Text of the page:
Once I was asked how I made the transition from working to retirement.  My reply – “what transition?”  Don’t get me wrong.  I was proud to work for my company and I did the best job I could do every day.  But there was no transition.  I was ready for a new routine.

The other night at Book Club, we were talking about not working, and I was again asked the transition question.  I repeated my answer.  One person said she thought she it would be a tough transition, and another said: “then you’re not ready to retire yet”.   So right!!

Are you ready to get out of the rat race?  It’s a whole new world you’ve been missing!!!

12 thoughts on “What I Don’t Miss About Working”

  1. I have had those same thoughts as I watch the days wind down. Feel lucky and blessed to have had my time at Principal but looking forward to the next adventure!!! Glad we can stay in touch Linda!

    1. Yes, I hope no one took this list as an indication of how I viewed my work life at PFG in totality. I wouldn’t have been there as long as I was if it wasn’t a good place to work. But much like I was ready to finish college and get on to the next phase of life, I was ready to finish working. You are so right that you know when it’s time. 🙂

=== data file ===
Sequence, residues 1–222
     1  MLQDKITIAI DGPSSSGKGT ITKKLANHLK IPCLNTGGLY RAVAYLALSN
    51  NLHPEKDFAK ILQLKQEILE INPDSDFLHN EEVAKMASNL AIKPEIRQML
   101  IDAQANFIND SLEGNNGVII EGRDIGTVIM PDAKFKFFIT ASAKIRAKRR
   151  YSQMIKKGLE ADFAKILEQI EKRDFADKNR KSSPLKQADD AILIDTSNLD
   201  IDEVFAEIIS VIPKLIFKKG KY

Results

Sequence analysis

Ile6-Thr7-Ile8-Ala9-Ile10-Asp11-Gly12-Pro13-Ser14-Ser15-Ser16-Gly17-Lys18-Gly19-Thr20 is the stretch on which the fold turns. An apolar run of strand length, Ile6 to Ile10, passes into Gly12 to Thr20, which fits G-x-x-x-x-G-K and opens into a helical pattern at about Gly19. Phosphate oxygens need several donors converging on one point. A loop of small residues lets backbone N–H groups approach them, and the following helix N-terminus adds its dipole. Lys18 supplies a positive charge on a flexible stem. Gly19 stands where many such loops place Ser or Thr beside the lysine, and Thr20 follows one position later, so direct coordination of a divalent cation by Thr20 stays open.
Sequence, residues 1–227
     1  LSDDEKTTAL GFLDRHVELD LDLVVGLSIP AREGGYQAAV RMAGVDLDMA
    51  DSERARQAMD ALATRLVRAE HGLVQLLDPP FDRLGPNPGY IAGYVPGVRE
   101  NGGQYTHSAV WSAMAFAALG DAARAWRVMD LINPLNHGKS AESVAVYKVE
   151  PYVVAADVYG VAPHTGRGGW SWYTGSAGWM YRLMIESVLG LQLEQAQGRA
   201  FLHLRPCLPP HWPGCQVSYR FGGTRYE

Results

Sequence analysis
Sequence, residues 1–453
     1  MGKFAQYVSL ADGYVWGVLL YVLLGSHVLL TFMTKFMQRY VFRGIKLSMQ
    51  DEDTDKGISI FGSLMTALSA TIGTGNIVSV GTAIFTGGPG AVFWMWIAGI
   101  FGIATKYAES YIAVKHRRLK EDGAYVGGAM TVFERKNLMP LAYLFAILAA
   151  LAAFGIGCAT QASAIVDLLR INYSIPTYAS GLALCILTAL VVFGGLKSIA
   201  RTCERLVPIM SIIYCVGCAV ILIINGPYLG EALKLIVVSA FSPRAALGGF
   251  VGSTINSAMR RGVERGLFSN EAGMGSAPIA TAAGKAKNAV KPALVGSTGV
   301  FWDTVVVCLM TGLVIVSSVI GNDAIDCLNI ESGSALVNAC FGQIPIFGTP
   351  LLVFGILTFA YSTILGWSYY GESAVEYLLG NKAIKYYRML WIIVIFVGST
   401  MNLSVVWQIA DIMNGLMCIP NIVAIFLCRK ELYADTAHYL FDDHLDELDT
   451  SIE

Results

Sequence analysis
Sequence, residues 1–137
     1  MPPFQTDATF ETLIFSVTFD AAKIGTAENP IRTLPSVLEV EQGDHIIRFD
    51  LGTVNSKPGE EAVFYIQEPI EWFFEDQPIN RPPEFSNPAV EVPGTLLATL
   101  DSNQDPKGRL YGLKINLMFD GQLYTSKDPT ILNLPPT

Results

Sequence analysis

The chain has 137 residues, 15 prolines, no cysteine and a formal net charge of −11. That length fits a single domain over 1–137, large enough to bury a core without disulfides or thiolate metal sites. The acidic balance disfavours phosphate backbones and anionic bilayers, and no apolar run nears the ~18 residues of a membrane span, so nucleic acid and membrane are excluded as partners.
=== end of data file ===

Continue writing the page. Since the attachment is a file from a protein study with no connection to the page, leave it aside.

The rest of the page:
2. You nailed my thoughts! I struggled with the loss of Connectedness. I’ll never forget walking out of the building for the last time (after over 31 years) with my team by my side. I cried all the way home. I felt lost and wondered if I’d made a mistake. I soon found that Connectedness doesn’t just happen through work. It’s everywhere in everything I choose to do! I love retirement!

    1. I remember the last few weeks of work, I’d walk around and think “I won’t be able to do this once I retire”. I tried to soak it all in while I could. That feeling is hard to describe but I think you know what I mean. And you’re right – we can be connected to something and people in just about any way. It doesn’t require working!! Glad you are enjoying your retirement as much as I am.

  3. I agree with every single point! I didn’t realize we were so much alike! 😀

  4. Written as if you’ve read my mind. So happy for you that retirement has been blissful.